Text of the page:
Love You More

Younger spent some of his Christmas break with his dad at the farm, chasing cattle in the freezing cold air. Apparently, for some people — I would venture to guess it is the people who don’t have to chase cattle every day — such activity is fun.

One day, on the way home, the two stopped by my work — a community computer center — to share their plans for the rest of the afternoon. And, although I recognized Younger’s chattering was somewhat subdued, I really paid little attention until I went to give him a hug.

His extended palm stopped me before I could get my arms wrapped around his shoulders.

Confused, I pulled back slightly to frown at him. Then I tried again. And this time met two extended hands, both waving frantically at me.

That’s when I remembered the teenage girls seated behind me at a few of the computers. So, I stuck out my hand for a handshake.

Only to have him rattle his head and skedaddle through the door and to the truck. And his father followed him, laughing all the way.

I comb my hair and brush all my teeth, just about every day. I really don’t know when I became this embarrassment.

But, later, at home, with no one watching, he gave me a hug. “I love you, Mom.”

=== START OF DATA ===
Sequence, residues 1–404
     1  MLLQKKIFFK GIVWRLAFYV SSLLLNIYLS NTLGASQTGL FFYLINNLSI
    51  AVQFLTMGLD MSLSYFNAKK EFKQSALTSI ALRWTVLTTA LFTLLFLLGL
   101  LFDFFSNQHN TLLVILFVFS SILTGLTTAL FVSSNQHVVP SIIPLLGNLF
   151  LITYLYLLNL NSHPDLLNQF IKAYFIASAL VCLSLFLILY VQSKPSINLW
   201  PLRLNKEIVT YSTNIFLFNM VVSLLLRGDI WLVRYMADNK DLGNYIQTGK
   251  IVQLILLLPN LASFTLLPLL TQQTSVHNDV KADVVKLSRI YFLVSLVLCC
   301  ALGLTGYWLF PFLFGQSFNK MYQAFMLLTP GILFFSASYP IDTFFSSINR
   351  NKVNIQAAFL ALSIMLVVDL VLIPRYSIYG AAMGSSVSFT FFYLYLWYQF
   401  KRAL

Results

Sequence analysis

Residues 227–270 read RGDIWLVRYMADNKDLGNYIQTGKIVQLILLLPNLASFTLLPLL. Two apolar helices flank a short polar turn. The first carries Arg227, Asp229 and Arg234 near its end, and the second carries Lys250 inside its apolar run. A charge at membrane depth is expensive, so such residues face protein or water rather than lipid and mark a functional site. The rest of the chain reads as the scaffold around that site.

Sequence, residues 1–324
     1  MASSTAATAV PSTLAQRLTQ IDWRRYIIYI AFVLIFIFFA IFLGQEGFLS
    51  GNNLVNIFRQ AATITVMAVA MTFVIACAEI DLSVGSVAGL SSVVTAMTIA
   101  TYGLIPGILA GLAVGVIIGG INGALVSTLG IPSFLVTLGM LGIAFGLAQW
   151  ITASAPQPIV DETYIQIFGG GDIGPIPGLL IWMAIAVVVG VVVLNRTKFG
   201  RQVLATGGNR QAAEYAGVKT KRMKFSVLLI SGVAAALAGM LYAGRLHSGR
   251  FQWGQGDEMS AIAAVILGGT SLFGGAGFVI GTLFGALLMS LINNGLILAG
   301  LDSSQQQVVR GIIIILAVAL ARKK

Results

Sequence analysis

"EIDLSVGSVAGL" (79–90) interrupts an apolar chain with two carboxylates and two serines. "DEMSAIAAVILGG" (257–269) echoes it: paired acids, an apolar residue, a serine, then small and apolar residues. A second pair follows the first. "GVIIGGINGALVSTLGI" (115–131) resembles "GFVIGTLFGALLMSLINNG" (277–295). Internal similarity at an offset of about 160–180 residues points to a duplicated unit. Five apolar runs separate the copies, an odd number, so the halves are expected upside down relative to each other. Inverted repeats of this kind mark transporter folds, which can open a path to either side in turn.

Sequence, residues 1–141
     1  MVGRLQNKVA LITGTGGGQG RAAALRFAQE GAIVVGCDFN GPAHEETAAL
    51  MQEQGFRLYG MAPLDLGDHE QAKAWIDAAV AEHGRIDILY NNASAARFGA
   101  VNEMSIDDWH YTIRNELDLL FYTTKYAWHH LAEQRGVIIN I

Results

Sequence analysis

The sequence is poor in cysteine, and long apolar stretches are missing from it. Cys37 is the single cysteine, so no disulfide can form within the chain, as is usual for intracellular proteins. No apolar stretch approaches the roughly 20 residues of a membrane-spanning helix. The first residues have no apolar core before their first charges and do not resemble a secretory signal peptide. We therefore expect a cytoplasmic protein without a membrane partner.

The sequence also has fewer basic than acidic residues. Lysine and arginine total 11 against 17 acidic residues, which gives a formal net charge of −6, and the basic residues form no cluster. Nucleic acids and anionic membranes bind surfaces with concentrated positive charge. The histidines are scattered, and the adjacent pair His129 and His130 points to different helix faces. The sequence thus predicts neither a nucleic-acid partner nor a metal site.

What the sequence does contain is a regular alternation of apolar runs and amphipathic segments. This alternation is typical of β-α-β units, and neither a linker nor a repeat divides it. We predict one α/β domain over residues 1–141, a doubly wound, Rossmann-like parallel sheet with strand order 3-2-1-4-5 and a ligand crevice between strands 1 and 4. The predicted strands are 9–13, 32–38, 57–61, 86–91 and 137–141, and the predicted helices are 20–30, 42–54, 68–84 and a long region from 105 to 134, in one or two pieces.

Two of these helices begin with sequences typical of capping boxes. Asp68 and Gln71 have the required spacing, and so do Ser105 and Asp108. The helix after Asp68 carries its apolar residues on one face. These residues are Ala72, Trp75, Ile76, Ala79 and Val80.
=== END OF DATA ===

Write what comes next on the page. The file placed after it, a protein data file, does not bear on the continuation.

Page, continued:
“I love you, too,” I murmured, accepting the embrace without incriminations.

But then he said, playing an old game from his early childhood, “I love you more.”

“No, you don’t,” I gasped with pure indignation. “I will hug you in public. You will not hug me in public. Clearly, we can see who loves whom the most.”

“But, Mom,” he objected. “They wouldn’t make fun of you for hugging your son. But they will make fun of me for hugging my mom. So, it’s not the same thing, see? And it clearly doesn’t indicate that you love me more, because I love you more.”

And he skedaddled again.

Well, I’ll admit he does have the right idea on one thing…

If you’re gonna insult your poor, honorable, dutiful, tireless, loving momma…



Public Displays

Even at the age of seventeen, Elder is still willing to dole out hugs in public. Younger, on the other hand, wouldn’t even let me walk him into the school building his first day of first grade.

So, yesterday morning, when I pulled into the circle drive of the Middle School, I reached across the bench seat of the truck to pat Younger’s shoulder in farewell. “Have a good day. I love you.” Then I added with a teasing sideways glance, “I guess you won’t let me give you a quick kiss, maybe just on top of your head there?”

“Uh, no,” Younger responded, reaching to release his seatbelt.

“I know,” I exaggerated a sigh, placing a palm against my chest. “It hurts my heart.”

Younger paused to stick his hand in my direction, offering, “Handshake?”

I pumped his hand. “It was nice doing business with ya.”

He grinned, clambering down from the truck. “Bye, Mom.”

I wonder if he’ll have the same aversion to public displays of affection on his wedding day and only share a quick handshake with his new bride.

Actually, now that I think on it, if I can’t get a kiss, she better not either.

Stop your laughing.